Perhaps even more radical was the notion that the home was conceived as a communal living space.
The Kings Road house has two separate living areas joined in the middle by a shared kitchen. Builder Clyde Chace and his family occupied one wing and Rudolph and Pauline in the other.
In addition, four separate work studios were included so that each could pursue their creative work. Kings Road also incorporated nature into the home with Japanese sliding screens and sleeping areas on the roof, a feature inspired by a camping trip Pauline and Rudolph took to Yosemite. The construction itself, made from tilt-slab concrete walls was a precursor to modern prefabricated homes of today.
Kings Road operated today as a museum and performing space. It’s open to the public Wednesday through Sunday from 11:00am to 6:00pm.
Schindler was as much an artist as he was an architect. In his 1912 Manifesto, he aspired to move residential architecture from functional dwellings to functional sculpture. He envisioned home designs that were not bound to a foundational grid, but rather a free-flowing skin to define the space within. ( A concept wholly embraced by Frank Gehry.) Architecture writer and onetime Schindler staff member Ester McCoy observed that he was not so much a creator of forms as he was a sculptor of space. In her essay, McCoy describes watching Schindler work. He slides his scales up and down across the contour site map and like a darkroom print, the outlines of a building emerge, blending effortlessly with the surrounding hillside.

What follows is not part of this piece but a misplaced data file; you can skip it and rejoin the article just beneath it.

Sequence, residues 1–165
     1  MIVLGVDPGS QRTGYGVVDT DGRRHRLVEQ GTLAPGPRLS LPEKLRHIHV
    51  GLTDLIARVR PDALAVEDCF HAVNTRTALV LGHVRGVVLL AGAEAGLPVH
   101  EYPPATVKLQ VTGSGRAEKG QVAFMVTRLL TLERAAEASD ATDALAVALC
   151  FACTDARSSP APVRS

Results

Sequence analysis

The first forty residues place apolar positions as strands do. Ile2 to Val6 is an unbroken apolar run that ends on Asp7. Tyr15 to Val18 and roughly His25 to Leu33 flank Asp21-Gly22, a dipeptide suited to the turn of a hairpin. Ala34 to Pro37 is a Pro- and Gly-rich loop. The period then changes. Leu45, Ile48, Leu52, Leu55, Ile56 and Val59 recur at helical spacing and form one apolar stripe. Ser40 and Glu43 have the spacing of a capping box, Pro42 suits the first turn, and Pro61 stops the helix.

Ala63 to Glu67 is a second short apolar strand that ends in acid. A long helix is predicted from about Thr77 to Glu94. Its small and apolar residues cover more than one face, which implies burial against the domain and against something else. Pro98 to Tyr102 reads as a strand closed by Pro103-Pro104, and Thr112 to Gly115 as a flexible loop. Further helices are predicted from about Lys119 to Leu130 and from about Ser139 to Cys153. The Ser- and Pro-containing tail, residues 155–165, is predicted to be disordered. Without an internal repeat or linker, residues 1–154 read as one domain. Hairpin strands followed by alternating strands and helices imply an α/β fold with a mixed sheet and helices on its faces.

“The man of the future does not try to escape the elements. He will rule them. His home is no more a timid retreat: The earth has become his home.”
– Rudolph Schindler
McCoy also notes the similarity of a Schindler house with musical composition, its spaces flowing into one another with a clear sense of rhythm and structure. For anyone who has ever walked through a Schindler creation, this feeling will certainly feel familiar. It’s likely no accident that many of Schindler clients were musicians.
The Kallis-Sharlin Residence is a beautiful example of the Schindler philosophy in practice. The low-slung roofline sits close to the street level. With a split-stake covering and an entrance hidden behind the carport, the home is easy to miss from the curbside. By today’s standards, the proportions are modest but tidy. Typically, the architectural features step back to allow the sweeping view of the distant mountain range speak for itself.
The conversion of the studio into a master suite and open porch into a living room is very much a welcome addition for the contemporary buyer. The remodeling is restrained and faithful to the original vision and succeeds surprisingly well.
The four bedroom, 3 bath house is situated on a generous lot with winding garden walkways to make for a serene creative hideaway.
The home is offered for sale at $2,595,000.
Listing courtesy of Crosby Doe, Ilana Gafni, and Crosby Doe Associates.